LAs have a fixed schedule of rates for checking plans and conducting site inspections.
PAIs will negotiate their fees directly with you, even though they may have a set band of rates based on the LA’s fees.
You can submit applications online using the Planning Portal Building Control Application Service. This service is easy to use if you decide to apply yourself, but you must attach digital drawings to your application.
If you’re only knocking through/removing a load-bearing wall, the application cost through the LA is based on the value of the work. If the price is under £5,000, the fee will be around £260 for Full Plans and £280 for a Building Notice (including inspections). These costs depend on where you live in the UK.
If you’re undertaking a more significant project, such as building an extension, the act of knocking down a load-bearing wall is part of the project and not subject to a separate fee.
Pro Tip: check your LA’s website as fees vary. Also, only include the cost of the structural work – not the finishes, fixtures and fittings.
If you want to know more about UK Building Regulations and what they entail, Homebuilding & Renovating is a handy resource.
The Party Wall Act
If your load-bearing wall is attached to a shared wall (common in many terraced and semi-detached houses), you may have to agree with your neighbour in writing before starting work.
Your structural engineer has a part to play in facilitating this agreement but can’t act on your behalf as a Party Wall Surveyor.
You’re required under the act to notify your neighbour if you intend to do any work on the wall that separates your two properties. This requirement may come into play if you’re thinking of inserting a steel beam into the party wall to remove the load-bearing wall on your side.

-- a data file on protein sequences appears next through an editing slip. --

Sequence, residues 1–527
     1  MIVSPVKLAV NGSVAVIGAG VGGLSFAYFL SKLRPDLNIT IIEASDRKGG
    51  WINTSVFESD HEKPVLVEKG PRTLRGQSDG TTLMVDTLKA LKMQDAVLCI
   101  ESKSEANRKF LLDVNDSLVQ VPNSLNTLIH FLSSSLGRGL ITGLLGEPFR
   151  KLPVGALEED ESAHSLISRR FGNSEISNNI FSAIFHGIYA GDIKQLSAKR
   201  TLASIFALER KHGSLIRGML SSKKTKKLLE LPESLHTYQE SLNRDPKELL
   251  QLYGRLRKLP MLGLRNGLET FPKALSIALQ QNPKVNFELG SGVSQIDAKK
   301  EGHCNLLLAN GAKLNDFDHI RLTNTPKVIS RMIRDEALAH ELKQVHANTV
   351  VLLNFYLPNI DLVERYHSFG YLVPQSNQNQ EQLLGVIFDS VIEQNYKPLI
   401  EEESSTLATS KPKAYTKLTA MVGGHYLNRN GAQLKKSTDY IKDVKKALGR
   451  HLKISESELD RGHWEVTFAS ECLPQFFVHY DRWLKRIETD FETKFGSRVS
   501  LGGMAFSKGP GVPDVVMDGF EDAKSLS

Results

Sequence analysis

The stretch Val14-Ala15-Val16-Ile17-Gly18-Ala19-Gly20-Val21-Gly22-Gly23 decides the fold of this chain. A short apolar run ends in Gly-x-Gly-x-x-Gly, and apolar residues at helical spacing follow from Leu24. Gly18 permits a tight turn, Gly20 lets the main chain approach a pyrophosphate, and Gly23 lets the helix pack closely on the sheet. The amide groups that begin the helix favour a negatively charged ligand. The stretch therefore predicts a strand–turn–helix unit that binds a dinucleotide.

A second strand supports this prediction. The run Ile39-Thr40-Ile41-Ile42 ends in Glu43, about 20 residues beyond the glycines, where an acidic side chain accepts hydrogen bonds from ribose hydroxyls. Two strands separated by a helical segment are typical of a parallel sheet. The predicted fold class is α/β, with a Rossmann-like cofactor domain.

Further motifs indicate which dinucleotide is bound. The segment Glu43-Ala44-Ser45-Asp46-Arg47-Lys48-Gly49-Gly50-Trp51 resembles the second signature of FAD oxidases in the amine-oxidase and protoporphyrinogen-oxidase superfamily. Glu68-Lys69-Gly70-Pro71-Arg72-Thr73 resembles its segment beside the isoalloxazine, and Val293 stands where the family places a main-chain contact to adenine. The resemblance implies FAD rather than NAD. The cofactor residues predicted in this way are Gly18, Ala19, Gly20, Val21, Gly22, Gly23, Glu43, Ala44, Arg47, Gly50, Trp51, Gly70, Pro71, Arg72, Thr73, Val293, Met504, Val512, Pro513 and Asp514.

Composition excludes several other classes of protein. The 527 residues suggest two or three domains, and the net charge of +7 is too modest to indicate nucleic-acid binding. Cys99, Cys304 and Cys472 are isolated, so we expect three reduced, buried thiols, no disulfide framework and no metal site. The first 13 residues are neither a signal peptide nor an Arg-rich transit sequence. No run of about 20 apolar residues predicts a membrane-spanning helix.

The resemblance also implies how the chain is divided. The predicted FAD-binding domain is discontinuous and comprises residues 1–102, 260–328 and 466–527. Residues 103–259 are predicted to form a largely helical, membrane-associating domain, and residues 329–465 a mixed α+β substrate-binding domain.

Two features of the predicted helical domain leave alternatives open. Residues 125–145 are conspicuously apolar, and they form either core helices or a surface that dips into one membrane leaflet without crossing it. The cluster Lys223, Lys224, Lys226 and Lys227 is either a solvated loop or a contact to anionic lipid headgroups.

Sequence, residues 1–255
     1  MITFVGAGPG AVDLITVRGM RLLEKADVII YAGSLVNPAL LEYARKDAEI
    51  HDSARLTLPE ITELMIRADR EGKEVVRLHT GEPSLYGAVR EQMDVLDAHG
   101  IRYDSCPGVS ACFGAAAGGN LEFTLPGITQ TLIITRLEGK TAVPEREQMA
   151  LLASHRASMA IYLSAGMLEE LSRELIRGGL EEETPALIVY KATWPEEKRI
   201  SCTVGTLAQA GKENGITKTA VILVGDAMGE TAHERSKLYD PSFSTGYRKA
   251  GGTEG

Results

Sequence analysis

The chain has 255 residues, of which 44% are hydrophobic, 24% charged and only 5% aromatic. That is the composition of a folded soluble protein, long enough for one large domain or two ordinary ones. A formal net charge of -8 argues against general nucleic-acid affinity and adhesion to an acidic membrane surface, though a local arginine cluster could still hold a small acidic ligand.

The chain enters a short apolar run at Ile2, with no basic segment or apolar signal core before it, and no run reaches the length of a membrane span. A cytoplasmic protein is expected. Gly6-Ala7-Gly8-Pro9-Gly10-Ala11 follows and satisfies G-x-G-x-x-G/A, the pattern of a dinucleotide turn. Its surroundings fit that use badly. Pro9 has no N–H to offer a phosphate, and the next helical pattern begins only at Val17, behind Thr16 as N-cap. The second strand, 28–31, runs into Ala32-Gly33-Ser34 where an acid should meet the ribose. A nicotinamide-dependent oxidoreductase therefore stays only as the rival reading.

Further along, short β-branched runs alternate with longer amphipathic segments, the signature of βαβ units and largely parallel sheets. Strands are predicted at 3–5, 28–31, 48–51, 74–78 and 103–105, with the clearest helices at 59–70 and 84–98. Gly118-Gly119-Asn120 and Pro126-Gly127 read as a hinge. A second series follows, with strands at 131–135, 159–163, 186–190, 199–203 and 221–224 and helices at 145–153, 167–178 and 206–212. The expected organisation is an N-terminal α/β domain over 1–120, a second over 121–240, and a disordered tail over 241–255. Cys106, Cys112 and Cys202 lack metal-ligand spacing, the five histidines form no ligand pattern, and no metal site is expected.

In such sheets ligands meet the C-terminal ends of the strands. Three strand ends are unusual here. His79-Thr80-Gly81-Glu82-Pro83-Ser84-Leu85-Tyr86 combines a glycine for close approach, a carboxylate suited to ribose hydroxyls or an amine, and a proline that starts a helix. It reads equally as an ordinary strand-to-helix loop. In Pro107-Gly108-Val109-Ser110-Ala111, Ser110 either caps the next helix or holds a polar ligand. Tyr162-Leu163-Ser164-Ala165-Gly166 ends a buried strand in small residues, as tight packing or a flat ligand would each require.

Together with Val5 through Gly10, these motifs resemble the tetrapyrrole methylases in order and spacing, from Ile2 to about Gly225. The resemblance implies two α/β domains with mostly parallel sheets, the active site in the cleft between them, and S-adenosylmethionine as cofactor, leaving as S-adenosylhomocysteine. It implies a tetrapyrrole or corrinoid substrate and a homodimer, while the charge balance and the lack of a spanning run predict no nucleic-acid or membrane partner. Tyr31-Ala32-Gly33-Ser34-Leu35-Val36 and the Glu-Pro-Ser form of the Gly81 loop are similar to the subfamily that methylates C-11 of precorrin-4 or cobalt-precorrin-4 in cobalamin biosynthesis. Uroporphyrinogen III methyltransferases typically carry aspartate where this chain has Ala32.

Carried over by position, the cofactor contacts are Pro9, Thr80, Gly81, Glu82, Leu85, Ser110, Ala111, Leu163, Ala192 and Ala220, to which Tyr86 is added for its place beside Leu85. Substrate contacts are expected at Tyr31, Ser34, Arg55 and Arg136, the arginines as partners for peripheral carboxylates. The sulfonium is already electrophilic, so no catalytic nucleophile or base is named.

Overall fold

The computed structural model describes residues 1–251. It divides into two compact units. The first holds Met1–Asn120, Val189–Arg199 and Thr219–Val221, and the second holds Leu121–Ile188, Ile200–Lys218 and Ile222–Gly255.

Your neighbour can’t object to the work, so they can’t stop you. However, they can have a say in how and when the work is conducted.
My advice? Don’t cut the wall on your side right back to the party wall. Instead, leave a short projecting pier, say 450mm.
This pier is enough to sit the beam on and provides a buttress to the party wall. If you can avoid invoking the Party Wall Act, do so.
The Party Wall Act is a long-drawn-out business that takes at least 10 weeks from start to finish, excluding any dispute. Also, you will incur the additional cost of appointing a party wall surveyor if you don’t want to do it yourself. Talk to your structural engineer if you think this might affect you.
If you want more advice on the Party Wall Act, surveyor Anstey Horne has a helpful fact sheet on their website.
What is a Load Bearing Wall?
A load-bearing wall supports the weight of a floor, roof or another wall, and it’s an integral part of the structure that cannot be removed without putting something back in its place.
One way to determine if a wall is a load-bearing wall is to check the top of the wall. If the floor joists sit on the wall, it’s load-bearing (1), but it’s most likely a non-load-bearing (2) wall if they run parallel with the wall.
However, the wall may still be providing lateral support to the floor, in which case you will see metal straps joining several joists together and tying them to the wall.
Pro Tip: You don’t have to do much investigative work to know which way the joists run; just check out the floorboards. If they’re laid parallel to the wall, then the joists must be supported by the wall.